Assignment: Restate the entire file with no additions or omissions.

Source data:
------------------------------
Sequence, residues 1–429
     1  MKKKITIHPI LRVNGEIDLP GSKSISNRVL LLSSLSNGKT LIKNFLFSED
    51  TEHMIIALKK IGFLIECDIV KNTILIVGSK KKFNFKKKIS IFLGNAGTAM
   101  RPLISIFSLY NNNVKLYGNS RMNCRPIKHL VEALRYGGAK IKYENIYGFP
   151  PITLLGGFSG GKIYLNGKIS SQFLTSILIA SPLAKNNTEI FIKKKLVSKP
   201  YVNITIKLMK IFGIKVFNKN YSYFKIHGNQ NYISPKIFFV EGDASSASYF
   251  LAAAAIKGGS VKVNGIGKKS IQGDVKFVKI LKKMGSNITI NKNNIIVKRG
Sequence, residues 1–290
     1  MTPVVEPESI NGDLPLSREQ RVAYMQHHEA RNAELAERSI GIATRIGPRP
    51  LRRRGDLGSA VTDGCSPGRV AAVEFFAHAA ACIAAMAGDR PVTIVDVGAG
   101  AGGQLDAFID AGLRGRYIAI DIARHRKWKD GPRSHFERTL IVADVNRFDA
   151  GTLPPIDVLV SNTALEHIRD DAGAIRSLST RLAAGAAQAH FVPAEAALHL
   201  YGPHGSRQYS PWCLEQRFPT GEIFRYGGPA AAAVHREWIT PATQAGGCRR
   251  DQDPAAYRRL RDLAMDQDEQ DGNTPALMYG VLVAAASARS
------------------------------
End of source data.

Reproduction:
Sequence, residues 1–429
     1  MKKKITIHPI LRVNGEIDLP GSKSISNRVL LLSSLSNGKT LIKNFLFSED
    51  TEHMIIALKK IGFLIECDIV KNTILIVGSK KKFNFKKKIS IFLGNAGTAM
   101  RPLISIFSLY NNNVKLYGNS RMNCRPIKHL VEALRYGGAK IKYENIYGFP
   151  PITLLGGFSG GKIYLNGKIS SQFLTSILIA SPLAKNNTEI FIKKKLVSKP
   201  YVNITIKLMK IFGIKVFNKN YSYFKIHGNQ NYISPKIFFV EGDASSASYF
   251  LAAAAIKGGS VKVNGIGKKS IQGDVKFVKI LKKMGSNITI NKNNIIVKRG
Sequence, residues 1–290
     1  MTPVVEPESI NGDLPLSREQ RVAYMQHHEA RNAELAERSI GIATRIGPRP
    51  LRRRGDLGSA VTDGCSPGRV AAVEFFAHAA ACIAAMAGDR PVTIVDVGAG
   101  AGGQLDAFID AGLRGRYIAI DIARHRKWKD GPRSHFERTL IVADVNRFDA
   151  GTLPPIDVLV SNTALEHIRD DAGAIRSLST RLAAGAAQAH FVPAEAALHL
   201  YGPHGSRQYS PWCLEQRFPT GEIFRYGGPA AAAVHREWIT PATQAGGCRR
   251  DQDPAAYRRL RDLAMDQDEQ DGNTPALMYG VLVAAASARS